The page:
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[Periodical] D. S. Erulkar, Ed.
This listing is an independent item not part of any collection
Volumes VI, Number 5 - VIII, 12, 240:164 mm., wide margins, usual age and damp staining, some minor worming, final 20 pp. foxed in margins. A good copy bound in contemporary boards.
Bi-monthly journal in English and Marathi. The foundation of a permanent Jewish settlement in Bombay was laid in the second half of the 18th century by the Bene Israel who gradually moved from their villages in the Konkan region to Bombay. Their first synagogue in Bombay was built (1796) on the initiative of S. E. Divekar. Cochin Jews strengthened the Bene Israel in their religious revival. The next largest wave of immigrants to Bombay consisted of Jewish merchants from Syria and Mesopotamia. Prominent was Suleiman ibn Yaqub or Solomon Jacob whose commercial activities from 1795 to 1833 are documented in the Bombay records. The Arabic-speaking Jewish colony in Bombay was increased by the influx of other "Arabian Jews" from Surat, who, in consequence of economic changes there, turned their eyes to India. A turning point in the history of the Jewish settlement in Bombay was reached with the arrival in 1833 of the Baghdad Jewish merchant, industrialist, and philanthropist, David Sassoon (1792–1864) who soon became a leading figure of the Jewish community. He and his house had a profound impact on Bombay as a whole as well as on all sectors of the Jewish community. Many of the educational, cultural, and civic institutions, as well as hospitals and synagogues in Bombay owe their existence to the munificence of the Sassoon family.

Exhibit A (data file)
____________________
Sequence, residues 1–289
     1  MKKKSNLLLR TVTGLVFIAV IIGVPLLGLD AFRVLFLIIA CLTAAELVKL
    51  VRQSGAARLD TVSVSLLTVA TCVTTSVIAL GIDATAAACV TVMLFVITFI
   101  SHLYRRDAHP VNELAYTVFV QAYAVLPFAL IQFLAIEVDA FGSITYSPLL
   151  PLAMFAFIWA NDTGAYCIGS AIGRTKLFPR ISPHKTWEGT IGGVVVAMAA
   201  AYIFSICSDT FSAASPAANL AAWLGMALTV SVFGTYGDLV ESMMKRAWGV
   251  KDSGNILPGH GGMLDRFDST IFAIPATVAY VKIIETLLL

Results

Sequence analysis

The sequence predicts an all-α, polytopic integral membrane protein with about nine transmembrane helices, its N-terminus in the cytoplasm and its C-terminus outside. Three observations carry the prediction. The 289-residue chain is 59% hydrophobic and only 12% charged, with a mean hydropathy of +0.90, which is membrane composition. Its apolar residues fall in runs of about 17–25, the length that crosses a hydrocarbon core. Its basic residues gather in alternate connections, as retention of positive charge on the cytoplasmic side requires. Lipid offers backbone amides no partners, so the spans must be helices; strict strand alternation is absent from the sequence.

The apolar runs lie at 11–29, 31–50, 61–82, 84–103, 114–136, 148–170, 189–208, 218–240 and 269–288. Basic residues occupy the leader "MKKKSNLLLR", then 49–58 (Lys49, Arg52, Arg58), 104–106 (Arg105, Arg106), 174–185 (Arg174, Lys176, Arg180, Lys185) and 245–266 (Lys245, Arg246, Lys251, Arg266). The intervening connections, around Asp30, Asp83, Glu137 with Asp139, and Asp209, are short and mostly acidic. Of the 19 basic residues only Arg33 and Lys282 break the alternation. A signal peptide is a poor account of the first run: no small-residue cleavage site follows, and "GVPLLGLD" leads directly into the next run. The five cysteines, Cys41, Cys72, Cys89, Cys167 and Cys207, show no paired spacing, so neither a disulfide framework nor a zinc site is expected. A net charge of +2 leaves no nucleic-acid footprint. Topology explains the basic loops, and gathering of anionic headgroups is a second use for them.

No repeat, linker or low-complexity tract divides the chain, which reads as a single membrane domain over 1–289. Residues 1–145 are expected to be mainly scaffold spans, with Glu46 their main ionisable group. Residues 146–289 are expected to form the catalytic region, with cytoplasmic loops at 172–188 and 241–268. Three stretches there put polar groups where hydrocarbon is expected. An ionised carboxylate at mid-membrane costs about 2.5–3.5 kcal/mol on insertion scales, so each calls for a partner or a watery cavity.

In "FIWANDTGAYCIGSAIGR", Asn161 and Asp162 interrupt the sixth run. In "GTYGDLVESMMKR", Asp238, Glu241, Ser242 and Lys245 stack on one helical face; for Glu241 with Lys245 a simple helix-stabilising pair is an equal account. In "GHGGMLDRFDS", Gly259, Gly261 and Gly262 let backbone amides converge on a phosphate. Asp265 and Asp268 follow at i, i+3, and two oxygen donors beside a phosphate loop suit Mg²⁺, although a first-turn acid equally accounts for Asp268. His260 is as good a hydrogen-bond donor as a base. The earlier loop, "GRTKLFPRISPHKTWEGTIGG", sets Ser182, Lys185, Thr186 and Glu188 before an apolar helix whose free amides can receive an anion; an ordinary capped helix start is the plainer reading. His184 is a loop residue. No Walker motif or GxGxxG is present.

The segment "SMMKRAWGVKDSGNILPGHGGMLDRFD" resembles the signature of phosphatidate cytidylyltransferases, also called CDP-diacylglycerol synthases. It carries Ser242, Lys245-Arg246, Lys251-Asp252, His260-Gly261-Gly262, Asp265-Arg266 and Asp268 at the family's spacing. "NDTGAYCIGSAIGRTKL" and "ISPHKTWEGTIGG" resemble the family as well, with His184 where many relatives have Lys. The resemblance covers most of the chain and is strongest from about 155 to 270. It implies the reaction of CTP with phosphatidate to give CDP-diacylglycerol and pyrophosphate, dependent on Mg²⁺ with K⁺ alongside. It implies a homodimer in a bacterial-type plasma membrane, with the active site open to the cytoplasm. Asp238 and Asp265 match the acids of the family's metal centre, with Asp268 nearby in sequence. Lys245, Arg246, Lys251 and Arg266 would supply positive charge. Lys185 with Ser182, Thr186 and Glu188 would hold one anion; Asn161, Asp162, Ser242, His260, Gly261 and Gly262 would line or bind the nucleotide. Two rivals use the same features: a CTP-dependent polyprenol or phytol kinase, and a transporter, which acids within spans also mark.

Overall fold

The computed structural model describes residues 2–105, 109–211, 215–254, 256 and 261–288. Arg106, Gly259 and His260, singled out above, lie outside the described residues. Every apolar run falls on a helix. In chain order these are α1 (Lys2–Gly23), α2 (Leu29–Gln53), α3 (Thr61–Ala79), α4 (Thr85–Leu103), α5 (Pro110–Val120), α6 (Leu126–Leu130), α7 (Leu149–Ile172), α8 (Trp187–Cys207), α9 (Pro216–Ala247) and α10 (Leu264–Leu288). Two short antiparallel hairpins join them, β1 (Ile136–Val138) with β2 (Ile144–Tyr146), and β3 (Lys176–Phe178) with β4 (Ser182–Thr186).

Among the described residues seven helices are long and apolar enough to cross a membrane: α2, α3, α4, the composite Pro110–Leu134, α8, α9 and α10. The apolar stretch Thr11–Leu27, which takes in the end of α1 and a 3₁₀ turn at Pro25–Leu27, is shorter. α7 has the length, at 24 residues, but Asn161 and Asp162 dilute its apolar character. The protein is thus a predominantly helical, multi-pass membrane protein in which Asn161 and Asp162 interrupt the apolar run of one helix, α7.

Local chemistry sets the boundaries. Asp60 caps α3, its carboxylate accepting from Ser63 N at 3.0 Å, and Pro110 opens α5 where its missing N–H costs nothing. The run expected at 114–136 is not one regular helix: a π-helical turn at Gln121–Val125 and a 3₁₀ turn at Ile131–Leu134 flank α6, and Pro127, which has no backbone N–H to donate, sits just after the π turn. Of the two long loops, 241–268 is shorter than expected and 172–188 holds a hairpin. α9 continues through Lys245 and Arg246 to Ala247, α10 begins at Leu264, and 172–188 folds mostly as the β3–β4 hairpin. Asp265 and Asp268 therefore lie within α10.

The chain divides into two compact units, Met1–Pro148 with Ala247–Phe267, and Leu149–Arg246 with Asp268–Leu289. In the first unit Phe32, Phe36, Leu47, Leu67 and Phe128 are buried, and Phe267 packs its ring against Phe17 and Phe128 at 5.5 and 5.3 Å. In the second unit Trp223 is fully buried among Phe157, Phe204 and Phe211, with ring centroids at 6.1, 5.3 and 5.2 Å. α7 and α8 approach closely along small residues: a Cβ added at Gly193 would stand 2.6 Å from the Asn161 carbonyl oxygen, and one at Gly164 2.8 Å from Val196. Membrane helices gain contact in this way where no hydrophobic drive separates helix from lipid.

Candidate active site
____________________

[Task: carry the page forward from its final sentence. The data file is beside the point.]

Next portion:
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Marathi, some English
Kind of Judaica